ExxonMobil

MEPs Decide not to Punish Exxon for Failure to Show at Climate Denial Hearing

Read time: 5 mins
European Parliament

ExxonMobil will retain its ability to lobby the European Parliament after MEPs refused to take away their badges.

The ability of the oil major to meet with Brussels decisionmakers was under question after the company refused to attend a hearing on their history of climate denial, citing ongoing litigation in the US.

Party presidents within the European Parliament decided against banning ExxonMobil in a meeting last week. Instead, they pushed the decision to a smaller group of MEPs, known as ‘quaestors’, and to Klaus Welle, the Secretary General of the European Parliament.

'They Have Lied for Decades': European Parliament Scrutinise Exxon's Climate Science Denial

Read time: 7 mins
#ExxonKnew light sign over a highway

With millions of students taking to the streets and oil majors increasingly facing litigation, the fossil fuel industry is finally being held to account for its contribution to the climate crisis.

This week, the EU is taking this accountability up a notch, with ExxonMobil’s decades-long denial of climate science facing the scrutiny of MEPs and the public at a hearing at the European Parliament in Brussels on Thursday.

During the two-hour session, scientists, campaigners and a historian will examine the history of climate denial and in particular the misinformation spread by Exxon, with MEPs able to ask questions about the role and behaviour of the oil major.

Exxon Leaving ALEC: Important But Insufficient Step in Addressing Company's History of Climate Science Denial, Campaigners Say

Read time: 3 mins
Exxon Mobil forecourt

ExxonMobil has announced it will leave the American Legislative Exchange Council (ALEC), a corporate lobby group known for its attempts to block climate action. Campaigners cautiously welcomed the decision, though said Exxon had to do more to prove it was committed to addressing climate change.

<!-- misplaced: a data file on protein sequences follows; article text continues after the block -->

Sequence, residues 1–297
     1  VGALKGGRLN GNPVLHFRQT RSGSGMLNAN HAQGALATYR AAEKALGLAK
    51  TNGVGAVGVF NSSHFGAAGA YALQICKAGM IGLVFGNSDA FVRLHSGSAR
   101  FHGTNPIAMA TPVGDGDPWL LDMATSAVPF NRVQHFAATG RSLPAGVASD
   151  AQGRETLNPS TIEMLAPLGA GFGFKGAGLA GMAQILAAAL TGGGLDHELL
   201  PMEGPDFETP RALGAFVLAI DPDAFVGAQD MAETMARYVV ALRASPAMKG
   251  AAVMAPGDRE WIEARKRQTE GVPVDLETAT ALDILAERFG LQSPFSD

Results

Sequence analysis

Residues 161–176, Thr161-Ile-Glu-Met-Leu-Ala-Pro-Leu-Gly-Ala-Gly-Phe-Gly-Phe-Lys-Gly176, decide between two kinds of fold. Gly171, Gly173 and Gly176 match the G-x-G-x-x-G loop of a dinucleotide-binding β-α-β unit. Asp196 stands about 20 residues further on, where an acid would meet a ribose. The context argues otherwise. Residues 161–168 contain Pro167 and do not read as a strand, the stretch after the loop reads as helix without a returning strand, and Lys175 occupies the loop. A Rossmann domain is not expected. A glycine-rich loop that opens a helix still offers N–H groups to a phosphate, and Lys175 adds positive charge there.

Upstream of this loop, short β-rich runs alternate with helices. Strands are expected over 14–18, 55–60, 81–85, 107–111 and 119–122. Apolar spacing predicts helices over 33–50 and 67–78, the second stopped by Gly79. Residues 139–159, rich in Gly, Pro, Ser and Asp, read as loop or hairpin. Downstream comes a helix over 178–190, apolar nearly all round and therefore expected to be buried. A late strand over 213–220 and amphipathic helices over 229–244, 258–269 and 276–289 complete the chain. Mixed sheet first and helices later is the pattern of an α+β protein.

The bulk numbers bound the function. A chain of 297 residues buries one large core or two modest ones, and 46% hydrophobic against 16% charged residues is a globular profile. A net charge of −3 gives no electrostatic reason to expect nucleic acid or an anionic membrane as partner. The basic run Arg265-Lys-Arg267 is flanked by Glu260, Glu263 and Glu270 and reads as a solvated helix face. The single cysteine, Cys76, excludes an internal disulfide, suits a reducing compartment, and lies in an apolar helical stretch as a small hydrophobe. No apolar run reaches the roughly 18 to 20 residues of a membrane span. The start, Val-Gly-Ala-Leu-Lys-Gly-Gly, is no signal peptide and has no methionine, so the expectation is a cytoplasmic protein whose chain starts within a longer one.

Exxon’s decision comes after opposition to ALEC’s attempt last December to get the Environmental Protection Agency to abandon its position that climate change proposes a risk to human health.

Oil Companies and Lobbyists Say They’re Ready To Solve Climate Change? Check The Fine Print

Read time: 8 mins

By David Halperin, crossposted from Republic Report

On Wednesday, former senators Trent Lott (R-MS) and John Breaux (D-LA) announced, with a big public relations blitz, a new campaign, Americans for Carbon Dividends, to address the threat of climate change. The effort is being heralded as a breakthrough by some because it is endorsed by big oil and gas companies Exxon Mobil, Royal Dutch Shell, BP, and Total, and it calls for a $40-a-ton carbon tax, incurred at the source of emissions, with revenues to be returned to citizens as dividends, perhaps $2000 a year for each American family of four.

Lee Raymond

Lee R. Raymond

Credentials

  • Honorary Doctor of Laws, University of Minnesota (May 16, 2011). [1]
  • PhD, chemical engineering, University of Minnesota (1963).[1]
  • BSc, chemical engineering, University of Wisconsin–Madison (1960). [2], [3]

Background

Read time: 28 mins

Mapped: Cambridge Analytica’s Ties to the Fossil Fuel Industry

Read time: 3 mins
Network map

Revelations continue to emerge about Cambridge Analytica, a political consultancy that has found itself embroiled in a scandal around data privacy and electoral manipulation.

Three whistleblowers have gone public in the Guardian and Observer to outline how Cambridge Analytica used Facebook data to influence the outcomes of the US presidential election and Brexit referendum.

DeSmog UK has previously mapped how the company ties to climate science denial through its Brexit and Trump connections. Now, Nafeez Ahmed over at Motherboard has outlined how Cambridge Analytica has ties to the fossil fuel industry.

California Is Fighting Trump's Offshore Drilling Plan but Exxon, Koch Already Drill There.

Read time: 4 mins
Offshore oil platform

Public officials throughout the state of California have made headlines for loudly opposing Secretary of the Interior Ryan Zinke's decision to approve offshore drilling in California and throughout the Pacific Outer Continental Shelf region.